For example, the news media are correct to point out that permitting the government to use ‘credit guidance’ to arbitrarily pick winners and losers in the economy is indeed “straight out of the central planning handbook.” But the same is also true of the central banking status quo, which likewise distributes arbitrary benefits and penalties without arousing any complaint from the mainstream press. When writing in the 1720s, Richard Cantillon — the forgotten founder of modern economics — pointed out the redistributive effects of money creation: the first receivers of the new money get the benefit of being able to spend it at its previous value before the market has a chance to register the increased supply, whereas the rest of us are stuck with the downside of having the value of our savings inflated away. These same ‘Cantillon effects’ abound in our modern economy because of the way central banks, by their very nature, enable and drive credit expansion and money creation, benefitting the first receivers of the new money (mainly financial institutions and government agencies) at the expense of smaller businesses and individual savers.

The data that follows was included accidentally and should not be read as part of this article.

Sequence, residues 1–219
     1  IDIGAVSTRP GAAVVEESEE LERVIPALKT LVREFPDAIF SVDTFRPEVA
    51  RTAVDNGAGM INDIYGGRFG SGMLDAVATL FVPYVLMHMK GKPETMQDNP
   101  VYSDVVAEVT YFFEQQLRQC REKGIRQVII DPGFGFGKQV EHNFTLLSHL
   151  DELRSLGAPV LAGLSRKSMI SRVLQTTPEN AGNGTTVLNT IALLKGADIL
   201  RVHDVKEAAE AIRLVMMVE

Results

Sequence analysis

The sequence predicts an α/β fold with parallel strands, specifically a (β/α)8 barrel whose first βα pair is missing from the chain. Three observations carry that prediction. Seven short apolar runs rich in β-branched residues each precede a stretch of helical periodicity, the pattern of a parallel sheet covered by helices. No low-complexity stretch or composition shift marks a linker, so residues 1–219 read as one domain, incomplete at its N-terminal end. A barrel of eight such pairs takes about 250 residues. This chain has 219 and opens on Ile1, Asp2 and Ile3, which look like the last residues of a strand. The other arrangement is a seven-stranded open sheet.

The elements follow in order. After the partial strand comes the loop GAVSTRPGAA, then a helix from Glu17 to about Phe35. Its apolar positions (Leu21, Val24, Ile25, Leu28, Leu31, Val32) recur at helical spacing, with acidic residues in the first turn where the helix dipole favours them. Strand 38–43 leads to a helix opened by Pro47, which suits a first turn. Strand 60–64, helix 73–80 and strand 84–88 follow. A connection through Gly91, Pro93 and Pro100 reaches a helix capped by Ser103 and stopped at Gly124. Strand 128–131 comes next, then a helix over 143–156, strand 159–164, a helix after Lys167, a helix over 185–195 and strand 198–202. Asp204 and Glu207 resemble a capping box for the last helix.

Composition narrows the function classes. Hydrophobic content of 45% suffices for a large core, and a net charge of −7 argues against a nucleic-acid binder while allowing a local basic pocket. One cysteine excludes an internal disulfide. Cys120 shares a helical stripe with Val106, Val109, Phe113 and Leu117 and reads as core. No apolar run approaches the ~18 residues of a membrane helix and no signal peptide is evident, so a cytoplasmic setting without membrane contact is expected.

The mainstream press are likewise right to attack the interventionist “meddling” of Labour’s plan to make the Bank of England pursue explicit, government-set targets for employment and growth. If only those same outlets had not, for so many years, overlooked the Bank of England’s equally interventionist commitment to “support the economic policy of the Government, including its objectives for growth and employment.”
It is undoubtedly true to say that Labour’s new plan for the Bank of England would harm the British economy — compared with both the laissez-faire ideal and the present situation — and we should be pleasantly surprised that the mainstream press has criticised it so readily, perhaps reflecting the slowly-growing place of free market and ‘Austrian’ ideas in the zeitgeist. In reality however, the real emphasis should be on the fact that Labour’s “central planning” proposal is separated from the ‘respectable’ central banking status quo only by a difference of degree, not of kind.